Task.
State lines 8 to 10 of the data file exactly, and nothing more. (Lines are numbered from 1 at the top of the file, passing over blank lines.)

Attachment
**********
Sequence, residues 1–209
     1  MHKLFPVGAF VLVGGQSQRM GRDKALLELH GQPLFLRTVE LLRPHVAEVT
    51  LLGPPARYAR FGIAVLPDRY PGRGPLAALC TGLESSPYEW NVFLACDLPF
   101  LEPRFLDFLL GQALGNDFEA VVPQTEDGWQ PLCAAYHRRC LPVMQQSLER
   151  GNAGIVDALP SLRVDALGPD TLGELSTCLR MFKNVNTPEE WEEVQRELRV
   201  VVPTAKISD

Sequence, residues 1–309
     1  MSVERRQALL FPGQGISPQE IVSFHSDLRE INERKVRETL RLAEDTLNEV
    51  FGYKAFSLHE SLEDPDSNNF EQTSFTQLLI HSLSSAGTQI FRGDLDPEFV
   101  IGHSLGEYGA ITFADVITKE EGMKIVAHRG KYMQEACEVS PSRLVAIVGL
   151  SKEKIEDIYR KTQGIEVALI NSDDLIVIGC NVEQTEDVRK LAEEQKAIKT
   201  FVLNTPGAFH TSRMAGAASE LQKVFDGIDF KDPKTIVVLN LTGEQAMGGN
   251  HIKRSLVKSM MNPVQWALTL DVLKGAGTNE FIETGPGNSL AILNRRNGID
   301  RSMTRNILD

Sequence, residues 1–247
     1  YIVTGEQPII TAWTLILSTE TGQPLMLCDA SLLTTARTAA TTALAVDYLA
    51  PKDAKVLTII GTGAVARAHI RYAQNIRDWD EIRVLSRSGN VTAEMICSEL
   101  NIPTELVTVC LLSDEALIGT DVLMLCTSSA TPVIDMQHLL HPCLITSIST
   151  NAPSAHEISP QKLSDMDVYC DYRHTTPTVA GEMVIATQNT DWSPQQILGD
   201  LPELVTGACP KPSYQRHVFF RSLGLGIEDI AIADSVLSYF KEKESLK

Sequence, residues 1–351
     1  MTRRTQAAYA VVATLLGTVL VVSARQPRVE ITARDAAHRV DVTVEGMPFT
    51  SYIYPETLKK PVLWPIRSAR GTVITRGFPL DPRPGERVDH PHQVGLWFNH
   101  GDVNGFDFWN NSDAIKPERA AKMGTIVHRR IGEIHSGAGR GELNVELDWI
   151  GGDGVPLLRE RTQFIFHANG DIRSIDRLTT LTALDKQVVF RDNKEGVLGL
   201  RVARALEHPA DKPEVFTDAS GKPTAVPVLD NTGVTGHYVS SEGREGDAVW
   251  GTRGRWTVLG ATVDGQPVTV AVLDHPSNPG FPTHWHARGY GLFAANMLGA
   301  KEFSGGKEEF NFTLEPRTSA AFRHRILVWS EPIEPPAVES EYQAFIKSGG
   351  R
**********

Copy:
     1  MSVERRQALL FPGQGISPQE IVSFHSDLRE INERKVRETL RLAEDTLNEV
    51  FGYKAFSLHE SLEDPDSNNF EQTSFTQLLI HSLSSAGTQI FRGDLDPEFV
   101  IGHSLGEYGA ITFADVITKE EGMKIVAHRG KYMQEACEVS PSRLVAIVGL